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squeak and squeal

I was going to go on about the amount o fmetal in pads today - bu tI found this on a brake manufacturer site (brakewarehouse.com) which does ring true when I used to work on cars.. !

in the old days you would get alot of squeal from the back of the pad vibrating on the piston inside the caliper. Hence the old trick of using copper grease (high temperatures would boil any other) smeared lightly on the back of the pad where it comes into contact with the piston.

from the site..

Myth
Metallic pads cause more brake squeal than non-metallic pads.

Reality:

Don’t blame the pads. Brake squeal is caused by vibrations between the pad and rotor. When the vibrations are in an audible range, you hear a squeal-like sound because of the rotation of the system.

Vibration has many causes: (1) malfunctioning caliper, (2) warped rotor, (3) fatigued or missing brake hardware, (4) unlubricated metal-to-metal surfaces in caliper and brake hardware, (5) pads and rotor not burnished in, (6) malfunctioning brake booster, and many other brake system failures.

In fact, some brake systems are prone to squeal problems, and that is why most systems use brake-silencer shims. It is very important to do a complete brake job and not merely replace the pads or pads and rotor. All brake hardware should be replaced at the same time as the pads and a proper caliper grease applied to all metal-to-metal surfaces. The pads and rotor must be burnished in during the road test.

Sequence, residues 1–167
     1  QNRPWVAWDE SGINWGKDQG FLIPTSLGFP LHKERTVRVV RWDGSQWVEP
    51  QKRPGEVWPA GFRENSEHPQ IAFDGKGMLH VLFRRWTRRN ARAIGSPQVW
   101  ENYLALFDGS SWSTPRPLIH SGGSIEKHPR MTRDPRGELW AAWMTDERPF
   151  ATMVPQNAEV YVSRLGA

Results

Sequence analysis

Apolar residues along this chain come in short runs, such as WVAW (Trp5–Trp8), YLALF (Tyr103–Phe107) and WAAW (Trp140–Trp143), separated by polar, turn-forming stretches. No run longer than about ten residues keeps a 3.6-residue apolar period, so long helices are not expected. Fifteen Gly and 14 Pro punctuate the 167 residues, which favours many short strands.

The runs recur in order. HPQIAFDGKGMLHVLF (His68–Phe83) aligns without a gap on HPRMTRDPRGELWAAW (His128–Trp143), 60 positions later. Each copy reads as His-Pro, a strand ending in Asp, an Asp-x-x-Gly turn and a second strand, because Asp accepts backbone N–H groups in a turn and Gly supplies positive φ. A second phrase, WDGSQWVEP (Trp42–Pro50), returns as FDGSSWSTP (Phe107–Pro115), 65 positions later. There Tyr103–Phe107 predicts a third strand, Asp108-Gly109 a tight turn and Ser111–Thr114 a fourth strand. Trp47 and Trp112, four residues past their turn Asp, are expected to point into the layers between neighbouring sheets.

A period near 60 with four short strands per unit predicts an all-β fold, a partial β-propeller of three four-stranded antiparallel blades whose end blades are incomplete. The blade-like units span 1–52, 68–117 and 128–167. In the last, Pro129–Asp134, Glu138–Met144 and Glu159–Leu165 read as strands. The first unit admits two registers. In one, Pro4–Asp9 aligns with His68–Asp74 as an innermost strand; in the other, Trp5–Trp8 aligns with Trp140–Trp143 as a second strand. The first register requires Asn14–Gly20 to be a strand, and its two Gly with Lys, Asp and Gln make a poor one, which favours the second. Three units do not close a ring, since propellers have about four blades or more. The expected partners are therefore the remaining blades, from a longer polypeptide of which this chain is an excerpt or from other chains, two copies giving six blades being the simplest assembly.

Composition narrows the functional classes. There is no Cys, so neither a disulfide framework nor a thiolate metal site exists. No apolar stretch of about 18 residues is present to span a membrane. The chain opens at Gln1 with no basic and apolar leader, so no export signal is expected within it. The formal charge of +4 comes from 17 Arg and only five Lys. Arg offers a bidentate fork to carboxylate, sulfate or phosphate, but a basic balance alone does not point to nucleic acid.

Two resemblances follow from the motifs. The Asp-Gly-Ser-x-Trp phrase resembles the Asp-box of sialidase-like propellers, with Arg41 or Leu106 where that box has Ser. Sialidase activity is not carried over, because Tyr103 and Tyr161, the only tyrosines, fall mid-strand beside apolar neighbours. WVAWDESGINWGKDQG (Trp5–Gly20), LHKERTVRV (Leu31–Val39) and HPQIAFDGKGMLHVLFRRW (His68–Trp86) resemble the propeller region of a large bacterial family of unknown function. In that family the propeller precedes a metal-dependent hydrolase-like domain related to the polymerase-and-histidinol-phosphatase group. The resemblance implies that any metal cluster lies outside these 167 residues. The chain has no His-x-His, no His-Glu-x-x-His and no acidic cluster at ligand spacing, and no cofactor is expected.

Don’t blame the pads. Brake squeal is caused by vibrations between the pad and rotor. When the vibrations are in an audible range, you hear a squeal-like sound because of the rotation of the system.

Vibration has many causes: (1) malfunctioning caliper, (2) warped rotor, (3) fatigued or missing brake hardware, (4) unlubricated metal-to-metal surfaces in caliper and brake hardware, (5) pads and rotor not burnished in, (6) malfunctioning brake booster, and many other brake system failures.

In fact, some brake systems are prone to squeal problems, and that is why most systems use brake-silencer shims. It is very important to do a complete brake job and not merely replace the pads or pads and rotor. All brake hardware should be replaced at the same time as the pads and a proper caliper grease applied to all metal-to-metal surfaces. The pads and rotor must be burnished in during the road test."
 
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